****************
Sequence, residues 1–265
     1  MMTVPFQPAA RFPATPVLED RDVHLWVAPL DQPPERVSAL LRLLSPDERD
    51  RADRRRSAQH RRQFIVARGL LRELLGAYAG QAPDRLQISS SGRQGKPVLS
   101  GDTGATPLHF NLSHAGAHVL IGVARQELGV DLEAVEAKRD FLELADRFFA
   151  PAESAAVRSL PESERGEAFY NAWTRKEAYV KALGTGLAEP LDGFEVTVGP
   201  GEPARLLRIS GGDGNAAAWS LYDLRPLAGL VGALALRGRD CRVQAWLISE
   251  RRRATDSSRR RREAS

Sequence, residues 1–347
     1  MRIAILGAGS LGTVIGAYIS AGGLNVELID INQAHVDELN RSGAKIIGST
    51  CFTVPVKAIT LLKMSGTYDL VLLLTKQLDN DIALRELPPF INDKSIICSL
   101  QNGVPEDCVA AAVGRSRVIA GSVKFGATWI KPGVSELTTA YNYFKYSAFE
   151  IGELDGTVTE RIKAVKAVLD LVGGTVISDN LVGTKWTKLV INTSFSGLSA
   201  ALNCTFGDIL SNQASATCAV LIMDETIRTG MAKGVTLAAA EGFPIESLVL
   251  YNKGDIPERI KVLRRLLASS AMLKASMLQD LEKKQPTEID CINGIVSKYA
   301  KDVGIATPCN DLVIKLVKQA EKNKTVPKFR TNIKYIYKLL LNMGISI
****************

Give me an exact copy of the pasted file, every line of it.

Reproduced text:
Sequence, residues 1–265
     1  MMTVPFQPAA RFPATPVLED RDVHLWVAPL DQPPERVSAL LRLLSPDERD
    51  RADRRRSAQH RRQFIVARGL LRELLGAYAG QAPDRLQISS SGRQGKPVLS
   101  GDTGATPLHF NLSHAGAHVL IGVARQELGV DLEAVEAKRD FLELADRFFA
   151  PAESAAVRSL PESERGEAFY NAWTRKEAYV KALGTGLAEP LDGFEVTVGP
   201  GEPARLLRIS GGDGNAAAWS LYDLRPLAGL VGALALRGRD CRVQAWLISE
   251  RRRATDSSRR RREAS

Sequence, residues 1–347
     1  MRIAILGAGS LGTVIGAYIS AGGLNVELID INQAHVDELN RSGAKIIGST
    51  CFTVPVKAIT LLKMSGTYDL VLLLTKQLDN DIALRELPPF INDKSIICSL
   101  QNGVPEDCVA AAVGRSRVIA GSVKFGATWI KPGVSELTTA YNYFKYSAFE
   151  IGELDGTVTE RIKAVKAVLD LVGGTVISDN LVGTKWTKLV INTSFSGLSA
   201  ALNCTFGDIL SNQASATCAV LIMDETIRTG MAKGVTLAAA EGFPIESLVL
   251  YNKGDIPERI KVLRRLLASS AMLKASMLQD LEKKQPTEID CINGIVSKYA
   301  KDVGIATPCN DLVIKLVKQA EKNKTVPKFR TNIKYIYKLL LNMGISI